"I’m sorry…." I thought the doctor was apologizing for the long wait we’d had in the emergency room. After pausing a couple of seconds she came right out and said, “You have a brain mass.” My wife and I looked at each other in stunned disbelief. We could see the fear in each other’s eyes. “We have to airlift you to Harborview Hospital right away,” the doctor continued. I thought I was a dead man.
So began my journey into brain tumor land. It happened early one Monday morning in December 2002, when I was preparing for work. My family and I had arrived home late the night before. We had spent all day Sunday in transit after a wonderful cruise ship vacation. I was placing my nine-month-old daughter Shelby into bed next to my wife Val. I suffered what I can only describe as an intense head rush and a loss of strength and motor control in my left arm. I dropped my daughter onto the bed and almost fell on top of her. I didn’t know what was happening – I thought maybe I was having a stroke. Val knew I wasn’t joking around when I agreed to go to the emergency room.
I spent the next week in the hospital, undergoing CT scans, MRIs, EEGs, a spinal tap, and finally a biopsy. The rock in my head was a grade 2 oligodendroglioma; I’ve named it Oli. I was told that my tumor was inoperable due to its large size and location deep in the corpus collosum (the nerve center between the two hemispheres of the brain).
I was placed on anti-seizure medications and steroids. Over the next few months, the steroids caused me to gain 40 pounds. I also developed the typical moon face, buffalo hump, extreme leg weakness, and mood problems associated with steroid use. I’m sure that my friends and family were shocked by my appearance. Since fully tapering off of the steroids, I’m delighted to report that I’ve lost 30 pounds and am looking like my old self.
I elected to forego radiation in favor of chemotherapy. My treatments began in June 2003. I’ve been through twenty rounds of Temodar, which I’ve tolerated quite well. The tumor has been stable.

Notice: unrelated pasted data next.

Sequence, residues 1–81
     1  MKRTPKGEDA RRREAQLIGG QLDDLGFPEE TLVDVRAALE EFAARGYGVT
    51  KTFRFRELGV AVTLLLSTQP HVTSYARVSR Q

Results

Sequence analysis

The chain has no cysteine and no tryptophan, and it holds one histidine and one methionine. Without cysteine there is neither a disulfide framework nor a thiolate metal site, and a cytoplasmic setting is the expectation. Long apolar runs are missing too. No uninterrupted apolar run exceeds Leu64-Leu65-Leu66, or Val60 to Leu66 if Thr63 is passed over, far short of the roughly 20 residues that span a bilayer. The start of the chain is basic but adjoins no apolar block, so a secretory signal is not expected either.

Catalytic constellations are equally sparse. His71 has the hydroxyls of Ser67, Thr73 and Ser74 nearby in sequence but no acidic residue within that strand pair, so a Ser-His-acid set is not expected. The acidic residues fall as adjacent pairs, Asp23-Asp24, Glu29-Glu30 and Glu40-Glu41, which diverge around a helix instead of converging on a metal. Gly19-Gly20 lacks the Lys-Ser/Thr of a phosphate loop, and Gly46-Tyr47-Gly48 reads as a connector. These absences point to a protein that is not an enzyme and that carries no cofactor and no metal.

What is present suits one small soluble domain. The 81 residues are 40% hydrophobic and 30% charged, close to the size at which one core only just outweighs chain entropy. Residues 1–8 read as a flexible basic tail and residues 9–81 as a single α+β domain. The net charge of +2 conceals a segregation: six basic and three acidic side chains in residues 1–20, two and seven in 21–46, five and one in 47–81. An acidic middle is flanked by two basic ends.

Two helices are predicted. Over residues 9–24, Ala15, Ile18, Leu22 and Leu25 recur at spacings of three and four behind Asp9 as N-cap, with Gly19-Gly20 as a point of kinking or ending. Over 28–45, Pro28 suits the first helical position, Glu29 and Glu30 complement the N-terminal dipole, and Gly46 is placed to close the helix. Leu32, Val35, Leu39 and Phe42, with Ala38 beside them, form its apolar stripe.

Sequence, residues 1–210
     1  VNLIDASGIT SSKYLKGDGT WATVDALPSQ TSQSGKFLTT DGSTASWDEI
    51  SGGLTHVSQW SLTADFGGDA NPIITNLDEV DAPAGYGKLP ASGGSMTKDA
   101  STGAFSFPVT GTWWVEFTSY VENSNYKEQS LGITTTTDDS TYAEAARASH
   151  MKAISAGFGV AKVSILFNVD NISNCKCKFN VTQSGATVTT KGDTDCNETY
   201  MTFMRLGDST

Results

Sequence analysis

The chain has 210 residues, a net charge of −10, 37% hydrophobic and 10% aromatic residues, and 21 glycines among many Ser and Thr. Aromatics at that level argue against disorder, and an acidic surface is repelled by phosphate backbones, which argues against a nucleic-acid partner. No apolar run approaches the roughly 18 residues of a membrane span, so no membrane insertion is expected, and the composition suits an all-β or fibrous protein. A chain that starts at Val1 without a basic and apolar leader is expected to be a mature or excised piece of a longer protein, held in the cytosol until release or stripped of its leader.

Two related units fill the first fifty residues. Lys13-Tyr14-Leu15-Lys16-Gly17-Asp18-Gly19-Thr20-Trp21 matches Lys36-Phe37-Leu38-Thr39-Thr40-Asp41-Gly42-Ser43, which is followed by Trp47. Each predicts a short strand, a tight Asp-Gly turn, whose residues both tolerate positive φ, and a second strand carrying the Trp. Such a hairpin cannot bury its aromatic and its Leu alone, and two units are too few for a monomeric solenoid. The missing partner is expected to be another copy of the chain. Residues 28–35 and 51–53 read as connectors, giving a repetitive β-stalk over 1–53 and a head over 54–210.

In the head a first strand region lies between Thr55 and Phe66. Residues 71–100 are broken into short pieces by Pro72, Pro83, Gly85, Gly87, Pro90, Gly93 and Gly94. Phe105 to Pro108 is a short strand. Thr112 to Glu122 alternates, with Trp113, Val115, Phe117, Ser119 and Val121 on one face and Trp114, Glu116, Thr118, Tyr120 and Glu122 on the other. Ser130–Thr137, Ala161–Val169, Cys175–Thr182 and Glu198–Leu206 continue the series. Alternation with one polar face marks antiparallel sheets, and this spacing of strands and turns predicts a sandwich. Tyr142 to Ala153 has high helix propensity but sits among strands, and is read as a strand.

In a strange way, the brain tumor has been a positive event in my life, in that it has forced me to reprioritize things and put life into perspective. I now have a renewed awareness to live each minute of my life to the fullest and to concentrate on doing important things that will make a difference in the lives of others. Being human, I’ve got to admit that I still have difficult moments and sometimes lose perspective. I desperately want to see my girls grow up and I want to grow old with my wife. I know that excessive worrying about my condition won’t help anything, so I try to keep that to a minimum. Life seems so normal most of the time that sometimes I actually forget about my tumor. However, my monthly trips to my neuro-oncologist confirm that Oli is still lurking there.
Despite the unwelcome squatter in my head, I consider myself a lucky man. I have an incredibly supportive family, fantastic neighbors, the best of friends, and an amazing employer. I have many examples of how people have come to my support – even people I’ve never met. Thus far, I have lived a great life. I have experienced dedicated and unconditional love, and with a little luck, I will continue to experience many more years of the same.